I suppose the lighthearted remark eased the guilt of scooping the round, preformed chop off the deck and tossing it back onto the griddle.
In defense of the Robison's galley team, there was little chance for bacteria to catch a ride to the griddle and contaminate the rest of the meal. Quick action on the cook's part limited the time the chop rested on the deck.
Plus, the deck was scrubbed after each meal, a process that washed bacteria down the drain. The cooks ran a tight ship in the sanitation sense of the word.
While our process called for decisive action, it won't work in today's kitchen. No one uses wax paper any longer.
I found the answer on Facebook this afternoon. Friend and fellow chef Ira Krizo posted a link to the five-second rule decision tree.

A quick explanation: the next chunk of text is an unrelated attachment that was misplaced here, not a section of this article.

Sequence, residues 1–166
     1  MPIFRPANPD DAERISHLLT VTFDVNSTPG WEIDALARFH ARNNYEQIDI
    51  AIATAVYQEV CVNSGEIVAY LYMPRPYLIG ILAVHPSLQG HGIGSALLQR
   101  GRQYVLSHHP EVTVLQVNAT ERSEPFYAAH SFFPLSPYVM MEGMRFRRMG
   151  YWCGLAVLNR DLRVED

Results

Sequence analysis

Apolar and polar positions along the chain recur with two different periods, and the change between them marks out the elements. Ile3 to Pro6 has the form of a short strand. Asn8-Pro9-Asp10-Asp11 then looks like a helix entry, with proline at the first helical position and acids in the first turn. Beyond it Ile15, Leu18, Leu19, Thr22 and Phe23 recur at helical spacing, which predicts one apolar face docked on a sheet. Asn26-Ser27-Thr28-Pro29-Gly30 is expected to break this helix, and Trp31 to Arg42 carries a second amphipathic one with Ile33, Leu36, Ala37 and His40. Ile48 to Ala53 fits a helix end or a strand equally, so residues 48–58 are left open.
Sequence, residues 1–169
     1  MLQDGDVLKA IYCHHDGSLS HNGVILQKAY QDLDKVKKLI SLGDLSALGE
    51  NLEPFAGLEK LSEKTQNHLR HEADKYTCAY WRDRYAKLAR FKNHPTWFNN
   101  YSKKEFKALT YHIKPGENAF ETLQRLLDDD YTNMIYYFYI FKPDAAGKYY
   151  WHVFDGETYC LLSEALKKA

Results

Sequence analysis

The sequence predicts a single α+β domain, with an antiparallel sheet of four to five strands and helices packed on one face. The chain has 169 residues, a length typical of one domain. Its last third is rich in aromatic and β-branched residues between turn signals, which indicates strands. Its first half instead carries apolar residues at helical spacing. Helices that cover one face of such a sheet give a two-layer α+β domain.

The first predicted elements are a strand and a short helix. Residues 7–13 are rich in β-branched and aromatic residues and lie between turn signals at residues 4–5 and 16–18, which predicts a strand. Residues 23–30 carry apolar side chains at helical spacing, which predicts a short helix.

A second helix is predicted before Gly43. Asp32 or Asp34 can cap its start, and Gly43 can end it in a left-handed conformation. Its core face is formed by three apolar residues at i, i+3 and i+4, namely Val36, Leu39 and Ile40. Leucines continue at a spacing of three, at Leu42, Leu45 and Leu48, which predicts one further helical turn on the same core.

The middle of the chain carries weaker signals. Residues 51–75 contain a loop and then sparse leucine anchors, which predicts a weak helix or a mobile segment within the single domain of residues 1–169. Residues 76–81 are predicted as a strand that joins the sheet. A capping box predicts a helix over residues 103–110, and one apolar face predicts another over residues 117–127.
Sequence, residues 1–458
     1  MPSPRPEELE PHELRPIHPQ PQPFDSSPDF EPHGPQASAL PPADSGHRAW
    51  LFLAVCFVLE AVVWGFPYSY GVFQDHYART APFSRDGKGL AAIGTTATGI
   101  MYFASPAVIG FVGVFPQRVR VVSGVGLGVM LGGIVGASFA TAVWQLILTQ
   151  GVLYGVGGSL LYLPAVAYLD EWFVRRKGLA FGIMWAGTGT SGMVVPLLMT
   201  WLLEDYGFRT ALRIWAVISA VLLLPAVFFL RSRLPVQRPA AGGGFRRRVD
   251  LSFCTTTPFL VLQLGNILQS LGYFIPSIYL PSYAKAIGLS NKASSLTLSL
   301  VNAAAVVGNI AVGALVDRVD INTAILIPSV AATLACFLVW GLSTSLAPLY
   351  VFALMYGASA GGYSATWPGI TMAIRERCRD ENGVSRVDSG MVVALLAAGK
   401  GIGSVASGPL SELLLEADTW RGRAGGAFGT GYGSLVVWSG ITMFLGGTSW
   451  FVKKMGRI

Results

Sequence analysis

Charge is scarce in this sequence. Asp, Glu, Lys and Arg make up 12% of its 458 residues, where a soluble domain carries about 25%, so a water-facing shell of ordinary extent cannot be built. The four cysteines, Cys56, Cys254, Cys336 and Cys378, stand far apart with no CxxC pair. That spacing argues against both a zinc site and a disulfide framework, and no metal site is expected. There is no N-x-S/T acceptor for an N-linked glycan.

I traced the photograph back to the San Francisco Food Blog (SFoodie).
We've all been there: You dropped your cupcake on the ground. Did it land icing up, down? Can you just scrape off the icing? How many hours have you lost trying to decide? Here's a time-saving flow chart to help out. (Andrew Wright, "You Dropped Food on the Floor. Do You Eat It?" January 19, 2010.)There you have it. Commit it to memory. Next time you drop a pork chop (or cupcake) onto the floor, you can quickly determine if it's edible or not.
Since cats weren't allowed on the the Robison, it looks like the cooks rightly threw it back onto the griddle. Following the "Is it a raw steak?" chain, the cooked pork chop was safe to eat!